Siesta group sues to stop lido renourishment
LIDO KEY- A Siesta Key Group is once again trying to stop the Lido Beach Renourishment Project, this time suing the Army Corps of Engineers.
Save Our Siesta Sand 2 filed the required 60- day notice of its intent to sue the federal agency. This comes after a failed lawsuit filed at the state level.
“We didn’t prevail,” Peter van Roekens said. “But we believe that we have a good case and taking it to the federal level means it’s out of the local jurisdiction and local politics.
Chairman Peter van Roekens says the corps failed to study the risk of erosion on Siesta Key Beaches.
“The question is what will be the problem for Siesta Key,” Van Roekens said. “And the answer is nobody really knows what will happen, nobody, the army corps doesn’t know and we don’t know.”
Sarasota City Manager Tom Barwin said in a statement any further litigation would be disheartening, “It is critically vital that whatever, if any, legal action is taken, the case must be expedited for the protection of the city’s infrastructure, property, and economy.”
“As you can see looking up and down the beach,” Carl Shoffstall said. “How eroded this is, and it’s getting worse, we have several buildings that are basically in the water as we speak.”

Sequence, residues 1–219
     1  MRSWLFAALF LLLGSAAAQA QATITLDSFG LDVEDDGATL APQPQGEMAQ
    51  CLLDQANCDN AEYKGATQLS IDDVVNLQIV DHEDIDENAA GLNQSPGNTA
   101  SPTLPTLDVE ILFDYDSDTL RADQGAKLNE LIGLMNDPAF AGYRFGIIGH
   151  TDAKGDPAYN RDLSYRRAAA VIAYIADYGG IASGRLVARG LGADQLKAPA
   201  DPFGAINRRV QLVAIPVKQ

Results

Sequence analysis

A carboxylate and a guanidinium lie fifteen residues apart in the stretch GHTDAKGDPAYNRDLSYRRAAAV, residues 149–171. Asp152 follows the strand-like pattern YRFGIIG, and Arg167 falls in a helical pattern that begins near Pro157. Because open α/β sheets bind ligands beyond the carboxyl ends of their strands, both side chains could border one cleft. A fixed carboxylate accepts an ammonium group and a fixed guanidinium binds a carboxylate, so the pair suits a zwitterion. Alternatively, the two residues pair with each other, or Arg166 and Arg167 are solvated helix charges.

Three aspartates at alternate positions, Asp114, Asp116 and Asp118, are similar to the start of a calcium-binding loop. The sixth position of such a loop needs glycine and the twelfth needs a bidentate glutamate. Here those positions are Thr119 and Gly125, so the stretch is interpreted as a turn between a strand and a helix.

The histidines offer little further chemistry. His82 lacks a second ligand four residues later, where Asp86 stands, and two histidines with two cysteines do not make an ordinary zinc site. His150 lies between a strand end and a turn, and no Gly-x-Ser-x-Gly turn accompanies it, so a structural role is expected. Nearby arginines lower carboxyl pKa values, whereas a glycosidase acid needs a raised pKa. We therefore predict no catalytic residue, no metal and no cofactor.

Lido Key Resident’s Association President Carl Shoffstall says erosion has led to a state of emergency, and there is no scientific evidence dredging will impact Siesta Key.
“There’s just nothing good to say why it shouldn’t happen, there’s been a lot of research that’s been done, and it’s been litigated, and everyone seems to think with the monitoring that’s going to go on that there should be no issues.”
Peter van Roekens says Siesta residents don’t want to take that chance.
“We’re hoping that they go to Plan B,” van Roekens said. “And they’ve never developed a plan B for Lido Key, they should because there are other sand sources besides big pass.”
The city plans to start an emergency renourishment project sometime next month, using 150,000 to 200,000 cubic yards of sand from New Pass to rebuild the shoreline.